But the projection most have been waiting for is now out. USDA provided their first glimpse at the 2022 crop season. And as far as acreage is concerned, USDA was much closer to the IHS Markit numbers. For corn, USDA projects 92 million acres will be planted, down 1.3 million (Table 1). With a trend yield of 181 bushels per acre, that would result in corn production of 15.24 billion bushels. While USDA has lower acreage, it sees the potential for yields to more than offset that loss. In fact, these projections are for a record yield and production in 2022. So corn supplies are expected to remain large next year.

U.S. corn supply and usage table with 2021 and 2022 projections from November.

On the corn demand side, overall usage is expected to be robust as well. Feed and residual use is projected to increase by 100 million bushels, offsetting the same size decline in exports, leaving total corn usage at 14.83 billion bushels, the same as forecast for the 2021 marketing year. Corn usage for ethanol is expected to remain below pre-COVID levels. The gain in production and steady total usage translate to higher ending stocks, with stocks rising to 1.9 billion bushels. The 2022-23 season- average price is projected to fall to $4.80 per bushel, 65 cents below the 2021 price estimate.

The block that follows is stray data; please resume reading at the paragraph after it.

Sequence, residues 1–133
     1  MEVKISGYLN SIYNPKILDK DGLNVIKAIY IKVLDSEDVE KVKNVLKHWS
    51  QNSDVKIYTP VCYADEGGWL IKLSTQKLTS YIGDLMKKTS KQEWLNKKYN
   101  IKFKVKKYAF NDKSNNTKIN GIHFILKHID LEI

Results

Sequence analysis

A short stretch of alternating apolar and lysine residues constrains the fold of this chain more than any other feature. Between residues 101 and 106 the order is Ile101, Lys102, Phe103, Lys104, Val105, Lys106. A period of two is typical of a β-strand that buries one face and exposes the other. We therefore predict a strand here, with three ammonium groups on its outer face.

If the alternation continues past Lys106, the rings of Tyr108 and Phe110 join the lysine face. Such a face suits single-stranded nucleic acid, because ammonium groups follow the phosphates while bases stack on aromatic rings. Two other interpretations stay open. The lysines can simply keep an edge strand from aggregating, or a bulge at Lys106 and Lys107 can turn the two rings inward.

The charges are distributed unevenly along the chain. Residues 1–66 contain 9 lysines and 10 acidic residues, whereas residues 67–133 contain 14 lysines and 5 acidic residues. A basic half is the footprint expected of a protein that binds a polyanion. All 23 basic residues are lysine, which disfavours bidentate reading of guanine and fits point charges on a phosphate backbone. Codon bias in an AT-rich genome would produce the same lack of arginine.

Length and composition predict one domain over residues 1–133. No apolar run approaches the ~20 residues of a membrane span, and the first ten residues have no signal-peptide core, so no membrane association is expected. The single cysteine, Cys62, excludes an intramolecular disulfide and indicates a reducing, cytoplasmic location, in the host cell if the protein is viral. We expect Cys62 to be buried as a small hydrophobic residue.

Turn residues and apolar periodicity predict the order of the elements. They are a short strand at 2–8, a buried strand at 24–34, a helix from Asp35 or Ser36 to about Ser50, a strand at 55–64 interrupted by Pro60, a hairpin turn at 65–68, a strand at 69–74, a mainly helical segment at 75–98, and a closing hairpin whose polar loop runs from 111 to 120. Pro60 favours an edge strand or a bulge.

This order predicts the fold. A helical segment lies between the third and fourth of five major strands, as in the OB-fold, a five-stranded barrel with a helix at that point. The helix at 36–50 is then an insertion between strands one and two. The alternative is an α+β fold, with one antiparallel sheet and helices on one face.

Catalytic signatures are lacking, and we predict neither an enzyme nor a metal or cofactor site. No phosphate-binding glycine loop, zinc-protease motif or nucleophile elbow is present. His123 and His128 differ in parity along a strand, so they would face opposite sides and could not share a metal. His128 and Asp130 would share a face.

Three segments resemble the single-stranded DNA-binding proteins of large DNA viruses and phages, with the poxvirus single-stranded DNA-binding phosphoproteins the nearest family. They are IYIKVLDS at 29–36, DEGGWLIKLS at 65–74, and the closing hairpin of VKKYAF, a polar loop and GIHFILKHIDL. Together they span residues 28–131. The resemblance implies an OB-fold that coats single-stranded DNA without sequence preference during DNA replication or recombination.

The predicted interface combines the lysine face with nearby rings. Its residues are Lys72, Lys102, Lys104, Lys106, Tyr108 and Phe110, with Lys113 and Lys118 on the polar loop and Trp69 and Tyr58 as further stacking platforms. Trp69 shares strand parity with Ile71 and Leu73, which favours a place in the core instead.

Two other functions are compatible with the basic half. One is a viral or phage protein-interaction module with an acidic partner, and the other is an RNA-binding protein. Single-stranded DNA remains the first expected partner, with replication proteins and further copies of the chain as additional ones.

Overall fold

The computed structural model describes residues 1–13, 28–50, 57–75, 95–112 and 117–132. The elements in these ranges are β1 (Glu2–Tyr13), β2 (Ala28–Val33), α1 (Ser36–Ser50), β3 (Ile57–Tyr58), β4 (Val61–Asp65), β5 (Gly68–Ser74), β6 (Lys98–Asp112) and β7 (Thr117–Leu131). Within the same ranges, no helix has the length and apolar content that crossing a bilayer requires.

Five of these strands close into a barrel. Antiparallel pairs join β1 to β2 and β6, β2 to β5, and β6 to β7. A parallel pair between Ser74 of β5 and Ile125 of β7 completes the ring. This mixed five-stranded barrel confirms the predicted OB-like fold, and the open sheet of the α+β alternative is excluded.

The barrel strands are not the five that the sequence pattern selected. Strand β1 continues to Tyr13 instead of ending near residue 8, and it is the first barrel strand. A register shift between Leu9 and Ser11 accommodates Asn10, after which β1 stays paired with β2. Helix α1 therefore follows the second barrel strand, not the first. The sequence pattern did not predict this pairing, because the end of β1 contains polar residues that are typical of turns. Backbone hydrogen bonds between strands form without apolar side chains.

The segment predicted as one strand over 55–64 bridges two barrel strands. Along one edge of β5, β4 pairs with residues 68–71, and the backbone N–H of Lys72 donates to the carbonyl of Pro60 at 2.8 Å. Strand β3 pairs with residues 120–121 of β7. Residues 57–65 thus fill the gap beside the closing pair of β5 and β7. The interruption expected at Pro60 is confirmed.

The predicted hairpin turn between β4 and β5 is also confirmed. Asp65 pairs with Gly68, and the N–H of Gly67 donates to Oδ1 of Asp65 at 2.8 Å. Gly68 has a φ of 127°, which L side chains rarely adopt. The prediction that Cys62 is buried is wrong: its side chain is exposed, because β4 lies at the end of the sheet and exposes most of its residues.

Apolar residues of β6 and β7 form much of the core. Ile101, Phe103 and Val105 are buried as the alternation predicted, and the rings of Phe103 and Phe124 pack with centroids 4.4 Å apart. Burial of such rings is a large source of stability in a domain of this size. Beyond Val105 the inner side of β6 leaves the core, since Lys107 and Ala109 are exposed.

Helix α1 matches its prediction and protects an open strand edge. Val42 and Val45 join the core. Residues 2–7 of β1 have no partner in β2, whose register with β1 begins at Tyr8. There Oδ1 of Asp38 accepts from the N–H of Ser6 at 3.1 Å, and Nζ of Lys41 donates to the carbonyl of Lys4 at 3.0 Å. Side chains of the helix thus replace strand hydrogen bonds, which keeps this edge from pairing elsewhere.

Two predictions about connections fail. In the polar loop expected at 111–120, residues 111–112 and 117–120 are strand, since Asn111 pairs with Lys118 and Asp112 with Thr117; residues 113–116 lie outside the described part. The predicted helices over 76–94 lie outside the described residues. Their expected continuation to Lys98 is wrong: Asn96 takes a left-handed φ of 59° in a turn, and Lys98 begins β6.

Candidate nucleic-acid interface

Under USDA’s 2022 projection, soybeans will only gain a small amount of the cropland corn lost, with plantings increasing to 87.5 million acres (Table 2). Given a trend yield of 51.5 bushels per acre, soybean production is projected at 4.465 billion bushels, 40 million bushels above this year’s crop. Combined with stocks going into the 2022 marketing year, that puts total soybean supplies above 4.8 billion bushels.

U.S. soybean supply and usage table with 2021 and 2022 projections from November.

Soybean usage is projected to grow as well. Domestic crush is expected to increase by 50 million bushels, mainly driven by biofuel demand for soybean oil. Soybean exports are estimated to increase by 90 million bushels, with the bulk of the beans headed to Asian ports. Total soybean usage will roughly equal the total the market experienced in 2020. That will bring 2022-23 ending stocks down to 321 million bushels, but USDA still expects prices to fall. The 2022-23 season-average price estimate is set at $10.50 per bushel.

Taken as a whole, USDA’s projections indicate crop revenues in the 2022 marketing year will be lower than those in 2021, but higher than we saw in 2020. With the higher input costs already being penciled in, profit margins will be squeezed in the coming year. The extent of that squeeze will depend on producers’ ability to manage costs and capture pricing opportunities from the markets. And currently, the markets are offering some hope. Current futures for the 2022 crops point to season-average prices above USDA’s projections, with corn pricing in the $5.35 per bushel range and soybeans pricing around $11.95 per bushel. The after-effects of a drought on the markets are typically some longer-term pricing advantages, as both nearby and deferred futures are boosted by the weather problems. Based on the projections for 2022, we are seeing those after-effects for the 2020-21 drought now.

For more details on the impact of these reports, view the latest Ag Outlook Presentation video on YouTube.

Chad E. Hart, extension economist, 515-294-9911, chart@iastate.edu.